LANSING, Mich. — The Michigan state Senate on Tuesday dropped it’s “license to bully” bill, and instead passed a House version of the bill that stripped religious exemptions and that would require anti-bullying policies in the state’s public schools.
The House bill requires all school districts have an anti-bullying policy – policies that must be reported to the Michigan Department of Education. The education department would then need to report to the Legislature on the status of the implementation of the policies. But House Democrats said more reporting is needed to determine if the policies are working.
Michigan lawmakers faced national criticism when the Senate passed its version of the bill on Nov. 2 that contained controversial language inserted by Senate Republicans that allowed for exceptions to the law for “a sincerely held religious belief or moral conviction.”
Critics blasted the original Senate bill, calling it a “license to bully.”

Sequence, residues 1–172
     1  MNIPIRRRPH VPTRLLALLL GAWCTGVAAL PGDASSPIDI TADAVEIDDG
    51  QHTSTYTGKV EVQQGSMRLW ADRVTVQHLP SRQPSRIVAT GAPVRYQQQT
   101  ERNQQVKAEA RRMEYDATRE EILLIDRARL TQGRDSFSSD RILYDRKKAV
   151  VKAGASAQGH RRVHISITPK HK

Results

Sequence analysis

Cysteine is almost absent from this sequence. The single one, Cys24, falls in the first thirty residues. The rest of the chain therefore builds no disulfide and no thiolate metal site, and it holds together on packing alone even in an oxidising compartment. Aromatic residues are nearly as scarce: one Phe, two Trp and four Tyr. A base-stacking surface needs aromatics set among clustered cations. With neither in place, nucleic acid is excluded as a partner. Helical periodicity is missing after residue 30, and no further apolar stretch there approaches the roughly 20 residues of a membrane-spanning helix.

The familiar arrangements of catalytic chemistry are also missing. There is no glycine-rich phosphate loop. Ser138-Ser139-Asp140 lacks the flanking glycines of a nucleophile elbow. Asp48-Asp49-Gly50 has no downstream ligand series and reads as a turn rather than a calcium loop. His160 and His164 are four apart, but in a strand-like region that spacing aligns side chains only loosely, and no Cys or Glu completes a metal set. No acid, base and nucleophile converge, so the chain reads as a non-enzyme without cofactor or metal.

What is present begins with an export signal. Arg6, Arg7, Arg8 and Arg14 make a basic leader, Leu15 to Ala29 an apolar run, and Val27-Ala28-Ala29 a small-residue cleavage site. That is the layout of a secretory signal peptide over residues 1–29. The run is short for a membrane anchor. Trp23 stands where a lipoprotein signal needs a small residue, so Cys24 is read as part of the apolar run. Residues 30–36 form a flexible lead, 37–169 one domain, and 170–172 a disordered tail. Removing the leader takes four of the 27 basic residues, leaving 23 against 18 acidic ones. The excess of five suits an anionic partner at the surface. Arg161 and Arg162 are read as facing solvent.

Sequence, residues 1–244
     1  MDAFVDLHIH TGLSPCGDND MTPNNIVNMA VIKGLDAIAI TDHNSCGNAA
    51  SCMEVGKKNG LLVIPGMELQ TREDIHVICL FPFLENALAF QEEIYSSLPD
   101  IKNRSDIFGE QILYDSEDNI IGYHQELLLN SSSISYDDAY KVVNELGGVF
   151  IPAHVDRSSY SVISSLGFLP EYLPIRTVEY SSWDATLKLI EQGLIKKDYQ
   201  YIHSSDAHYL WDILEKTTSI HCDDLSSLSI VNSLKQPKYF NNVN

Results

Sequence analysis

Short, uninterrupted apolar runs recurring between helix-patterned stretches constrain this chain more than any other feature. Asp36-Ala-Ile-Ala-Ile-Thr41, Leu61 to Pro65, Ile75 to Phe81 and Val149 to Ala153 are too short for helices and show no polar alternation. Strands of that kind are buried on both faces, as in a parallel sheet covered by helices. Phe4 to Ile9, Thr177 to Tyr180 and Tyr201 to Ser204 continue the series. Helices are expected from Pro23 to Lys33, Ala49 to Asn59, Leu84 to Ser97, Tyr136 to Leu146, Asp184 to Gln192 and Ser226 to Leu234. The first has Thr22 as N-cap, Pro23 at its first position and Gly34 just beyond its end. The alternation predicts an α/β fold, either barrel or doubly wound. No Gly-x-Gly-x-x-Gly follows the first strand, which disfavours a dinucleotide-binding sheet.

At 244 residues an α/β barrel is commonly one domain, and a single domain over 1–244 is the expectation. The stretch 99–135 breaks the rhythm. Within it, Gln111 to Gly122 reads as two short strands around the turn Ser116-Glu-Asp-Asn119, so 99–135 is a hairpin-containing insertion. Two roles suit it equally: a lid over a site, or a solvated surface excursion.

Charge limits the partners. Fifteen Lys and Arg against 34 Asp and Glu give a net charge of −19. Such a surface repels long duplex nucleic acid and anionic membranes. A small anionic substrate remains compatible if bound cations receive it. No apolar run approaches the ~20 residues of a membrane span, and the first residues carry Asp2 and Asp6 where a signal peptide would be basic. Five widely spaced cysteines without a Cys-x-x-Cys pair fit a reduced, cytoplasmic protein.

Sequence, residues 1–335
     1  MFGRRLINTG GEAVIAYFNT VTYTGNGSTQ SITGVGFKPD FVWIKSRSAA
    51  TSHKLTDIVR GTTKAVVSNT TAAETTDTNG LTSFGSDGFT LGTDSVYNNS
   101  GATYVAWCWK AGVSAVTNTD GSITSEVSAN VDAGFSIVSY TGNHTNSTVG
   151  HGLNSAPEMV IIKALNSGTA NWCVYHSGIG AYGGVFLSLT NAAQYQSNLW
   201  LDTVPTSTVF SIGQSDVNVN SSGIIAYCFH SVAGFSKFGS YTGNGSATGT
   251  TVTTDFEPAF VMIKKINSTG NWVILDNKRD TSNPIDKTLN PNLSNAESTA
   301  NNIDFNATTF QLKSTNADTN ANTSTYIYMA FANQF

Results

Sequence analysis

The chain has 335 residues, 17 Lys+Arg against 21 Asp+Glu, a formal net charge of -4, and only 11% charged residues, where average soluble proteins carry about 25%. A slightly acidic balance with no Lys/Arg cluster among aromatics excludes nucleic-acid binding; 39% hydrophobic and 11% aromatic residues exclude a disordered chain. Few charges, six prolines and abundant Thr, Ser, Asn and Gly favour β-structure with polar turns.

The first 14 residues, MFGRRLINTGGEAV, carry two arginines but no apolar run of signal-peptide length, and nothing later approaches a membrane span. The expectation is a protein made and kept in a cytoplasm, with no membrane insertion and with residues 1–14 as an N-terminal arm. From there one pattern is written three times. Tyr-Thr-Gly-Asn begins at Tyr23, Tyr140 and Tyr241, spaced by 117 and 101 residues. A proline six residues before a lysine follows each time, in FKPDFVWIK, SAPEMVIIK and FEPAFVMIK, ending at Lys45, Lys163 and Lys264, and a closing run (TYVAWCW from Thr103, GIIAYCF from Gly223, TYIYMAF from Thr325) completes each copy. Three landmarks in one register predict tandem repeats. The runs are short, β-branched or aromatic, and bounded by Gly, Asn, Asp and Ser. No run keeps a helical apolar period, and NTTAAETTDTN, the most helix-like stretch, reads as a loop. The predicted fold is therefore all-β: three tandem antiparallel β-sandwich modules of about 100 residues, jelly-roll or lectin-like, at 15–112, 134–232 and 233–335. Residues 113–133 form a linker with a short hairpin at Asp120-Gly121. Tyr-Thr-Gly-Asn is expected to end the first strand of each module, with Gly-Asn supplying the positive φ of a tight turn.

The House version was intended as a compromise, although House Democrats said the bill — even though it received bipartisan support — does not go far enough.
The Senate’s passage of the House version was met with mixed response.
“We’re thrilled that we were able to eliminate the destructive ‘license to bully’ that the Senate first approved in October. National outrage provoked by the last-minute substitution to allow bullying based on religious beliefs is a clear indicator that our Senate majority is out of touch with the voters.” said Emily Dievendorf, Director of Policy for Equality Michigan.
“That being said, we’re disappointed by the weak version of the bill passed today. Directed by the biases of a few, our Senate missed another opportunity to do right by our kids. Today’s bill will do little to stem the tide of bullying because it doesn’t enumerate commonly targeted characteristics.
Case studies have found that school employees are unlikely to recognize and report incidents when bias bullying is not placed deliberately on their radar. Both Oregon and Washington passed weak bills like this one and had to go back and revise them years later when data showed the initial bills had failed. This kind of delay is not an acceptable response to Michigan’s bullying crisis.” Dievendorf added.
The bill, HB 4163, was passed in the House on Nov. 10 by a vote of 88-18, and in the Senate on Tuesday by a vote of 35-2.
Michigan Gov. Rick Snyder is reported to be “very likely” to sign the legislation.